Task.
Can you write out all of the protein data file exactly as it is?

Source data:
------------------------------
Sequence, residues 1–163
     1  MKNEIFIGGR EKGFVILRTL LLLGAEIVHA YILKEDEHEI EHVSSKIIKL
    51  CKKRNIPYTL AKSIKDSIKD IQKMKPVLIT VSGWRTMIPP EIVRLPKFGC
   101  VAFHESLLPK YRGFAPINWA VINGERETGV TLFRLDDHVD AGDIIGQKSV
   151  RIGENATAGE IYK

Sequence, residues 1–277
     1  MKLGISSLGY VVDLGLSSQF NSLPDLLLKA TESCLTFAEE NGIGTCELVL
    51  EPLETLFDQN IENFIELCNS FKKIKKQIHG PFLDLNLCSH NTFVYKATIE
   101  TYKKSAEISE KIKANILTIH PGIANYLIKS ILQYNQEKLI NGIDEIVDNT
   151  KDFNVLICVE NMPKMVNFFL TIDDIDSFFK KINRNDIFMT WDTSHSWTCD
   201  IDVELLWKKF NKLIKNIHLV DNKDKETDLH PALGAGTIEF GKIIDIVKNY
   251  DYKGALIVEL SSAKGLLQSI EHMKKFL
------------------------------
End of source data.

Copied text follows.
Sequence, residues 1–163
     1  MKNEIFIGGR EKGFVILRTL LLLGAEIVHA YILKEDEHEI EHVSSKIIKL
    51  CKKRNIPYTL AKSIKDSIKD IQKMKPVLIT VSGWRTMIPP EIVRLPKFGC
   101  VAFHESLLPK YRGFAPINWA VINGERETGV TLFRLDDHVD AGDIIGQKSV
   151  RIGENATAGE IYK

Sequence, residues 1–277
     1  MKLGISSLGY VVDLGLSSQF NSLPDLLLKA TESCLTFAEE NGIGTCELVL
    51  EPLETLFDQN IENFIELCNS FKKIKKQIHG PFLDLNLCSH NTFVYKATIE
   101  TYKKSAEISE KIKANILTIH PGIANYLIKS ILQYNQEKLI NGIDEIVDNT
   151  KDFNVLICVE NMPKMVNFFL TIDDIDSFFK KINRNDIFMT WDTSHSWTCD
   201  IDVELLWKKF NKLIKNIHLV DNKDKETDLH PALGAGTIEF GKIIDIVKNY
   251  DYKGALIVEL SSAKGLLQSI EHMKKFL